Sidestepping an Earnings Recession
By Michael Mullaney
Director of Global Markets Research
As of the end of April, 381 of the S&P 500 companies had reported Q1 earnings, with 76% of those who reported having topped consensus expectations by an average 5.6%. This compares favorably against the 72% five-year average for the percentage of companies beating expectations and the average incremental earnings gain of 4.8%.
Consensus expectations for the results of the remaining companies yet to report still project a -0.8% year-over-year result collectively for this earnings period. However, if the actual results follow the typical historical pattern of upside beats and surprises, then a positive Y-O-Y result for the period shouldn’t be ruled out. Such a scenario would go a long way in helping to avoid the “earnings recession,” which had previously been anticipated. Earnings growth expectations for 2019 have troughed, and are now being revised upwards. The 2020 EPS forecast remains a healthy +11.3%.
Through April the S&P 500 was on pace for a 66.5% annualized return, a level that remains unjustified by either macro trends or fundamental factors. As such, a pause or pullback in price action should not surprise investors. This should not signal an end to the bull market. Announced stock repurchase plans from corporations should result in realized buybacks in excess of $900 billion in 2019, which would help to offset the lack of conviction toward the market advance by many market participants. Still, stocks continue to “climb the wall of worry” and the “pain trade” appeared to be to the upside of current prices as of the end of April.
In terms of sector returns, there were some significant reversals that occurred during April. Financials, the second-worst performing sector through March, took the pole position with a gain of 9.0%, helped by higher rates and a re-steepening of the yield curve. REITs, the second-best performing sector in Q1, gave back some of its gains in April (-0.47%), hurt by the same factors that boosted Financials. The No. 1 laggard for the month was the Health Care sector (-2.63%), which was besieged by the prospect of “Medicare For All” becoming a reality. Trading activity in Health Care was reminiscent of the lambasting the sector took in 2010 when the Affordable Care Act was being formalized. Meanwhile, communication Services (where Facebook, Netflix and Google reside) was the second-best performing sector during the month, returning 6.53%.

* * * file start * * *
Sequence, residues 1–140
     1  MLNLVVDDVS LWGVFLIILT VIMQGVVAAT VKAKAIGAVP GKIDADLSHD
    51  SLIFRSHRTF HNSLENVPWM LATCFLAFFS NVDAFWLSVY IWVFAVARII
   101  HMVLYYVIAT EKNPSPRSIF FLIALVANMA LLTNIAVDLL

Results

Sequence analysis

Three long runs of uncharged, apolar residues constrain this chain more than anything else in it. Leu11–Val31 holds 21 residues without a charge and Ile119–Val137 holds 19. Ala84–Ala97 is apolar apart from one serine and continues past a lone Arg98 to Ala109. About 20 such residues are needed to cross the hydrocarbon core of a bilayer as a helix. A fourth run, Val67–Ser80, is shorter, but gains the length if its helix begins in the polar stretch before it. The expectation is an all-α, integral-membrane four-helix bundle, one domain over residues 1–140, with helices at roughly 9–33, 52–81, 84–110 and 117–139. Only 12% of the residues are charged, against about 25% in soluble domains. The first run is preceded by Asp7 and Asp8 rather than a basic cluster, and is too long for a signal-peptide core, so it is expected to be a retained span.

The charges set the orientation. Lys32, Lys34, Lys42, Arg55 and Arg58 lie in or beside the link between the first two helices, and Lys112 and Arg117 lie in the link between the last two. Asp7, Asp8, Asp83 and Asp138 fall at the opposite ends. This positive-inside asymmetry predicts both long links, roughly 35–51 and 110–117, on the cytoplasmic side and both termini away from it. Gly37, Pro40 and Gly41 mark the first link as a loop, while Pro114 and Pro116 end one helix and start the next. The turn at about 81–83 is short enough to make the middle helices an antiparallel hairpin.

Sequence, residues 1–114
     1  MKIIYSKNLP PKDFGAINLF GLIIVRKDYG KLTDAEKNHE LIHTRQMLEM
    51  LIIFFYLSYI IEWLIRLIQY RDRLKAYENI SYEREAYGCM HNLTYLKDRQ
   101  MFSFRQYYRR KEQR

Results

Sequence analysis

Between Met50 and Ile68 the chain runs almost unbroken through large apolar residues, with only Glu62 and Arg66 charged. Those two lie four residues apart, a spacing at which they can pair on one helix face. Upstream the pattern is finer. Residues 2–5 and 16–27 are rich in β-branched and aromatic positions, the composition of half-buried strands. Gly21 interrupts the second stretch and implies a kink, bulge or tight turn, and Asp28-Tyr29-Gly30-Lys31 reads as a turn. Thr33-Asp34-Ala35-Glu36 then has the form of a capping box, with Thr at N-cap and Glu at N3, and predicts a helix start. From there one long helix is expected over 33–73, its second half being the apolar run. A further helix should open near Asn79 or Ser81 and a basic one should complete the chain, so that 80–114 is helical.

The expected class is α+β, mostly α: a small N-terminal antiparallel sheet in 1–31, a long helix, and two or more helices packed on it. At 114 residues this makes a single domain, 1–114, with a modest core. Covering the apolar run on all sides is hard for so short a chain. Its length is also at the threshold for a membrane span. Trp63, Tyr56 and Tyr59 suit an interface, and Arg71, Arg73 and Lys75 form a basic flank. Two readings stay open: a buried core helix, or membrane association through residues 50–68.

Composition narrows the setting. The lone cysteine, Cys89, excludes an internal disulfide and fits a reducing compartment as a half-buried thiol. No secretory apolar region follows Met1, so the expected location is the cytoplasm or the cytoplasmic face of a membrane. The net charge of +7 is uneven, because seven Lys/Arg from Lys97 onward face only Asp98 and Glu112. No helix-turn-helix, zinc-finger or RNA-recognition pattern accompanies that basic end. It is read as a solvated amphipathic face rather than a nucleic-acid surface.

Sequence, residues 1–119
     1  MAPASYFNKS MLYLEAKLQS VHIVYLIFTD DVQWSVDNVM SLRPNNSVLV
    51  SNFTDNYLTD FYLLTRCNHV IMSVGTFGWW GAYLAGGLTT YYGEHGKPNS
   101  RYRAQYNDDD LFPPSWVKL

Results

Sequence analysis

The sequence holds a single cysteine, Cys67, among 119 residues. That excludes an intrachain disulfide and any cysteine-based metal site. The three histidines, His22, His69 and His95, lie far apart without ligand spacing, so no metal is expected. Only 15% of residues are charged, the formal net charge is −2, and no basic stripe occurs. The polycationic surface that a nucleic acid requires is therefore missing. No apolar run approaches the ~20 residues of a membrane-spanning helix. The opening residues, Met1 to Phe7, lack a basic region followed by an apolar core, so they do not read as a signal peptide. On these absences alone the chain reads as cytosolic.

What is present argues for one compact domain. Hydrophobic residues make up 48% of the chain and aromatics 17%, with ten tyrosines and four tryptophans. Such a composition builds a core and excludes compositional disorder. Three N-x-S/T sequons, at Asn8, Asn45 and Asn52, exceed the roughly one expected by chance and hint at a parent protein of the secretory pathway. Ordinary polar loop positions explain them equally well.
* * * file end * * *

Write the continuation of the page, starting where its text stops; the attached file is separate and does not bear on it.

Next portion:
Year-to-date, Technology remained the top performing sector with a return of 27.56% and maintained a comfortable lead over the second-best performer, Communication Services, at 21.41%.
Similar to March, small capitalization stocks lagged large-caps with the Russell 2000 index gaining 3.40% during April while the large-cap Russell 1000 Index advanced by +4.04%. This caused the Russell 2000 Index to slip below the Russell 1000 Index year-to-date, +18.48% to the large-caps +18.60% return.
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Boston Partners Global Investors, Inc. (“Boston Partners”) is an investment adviser registered with the SEC under the Investment Advisers Act of 1940. The views expressed in this commentary reflect those of the author as of the date of this commentary. Any such views are subject to change at any time based on market and other conditions and Boston Partners disclaims any responsibility to update such views. Past performance is not an indication of future results. Discussions of securities, market returns and trends are not intended to be a forecast of future events or returns.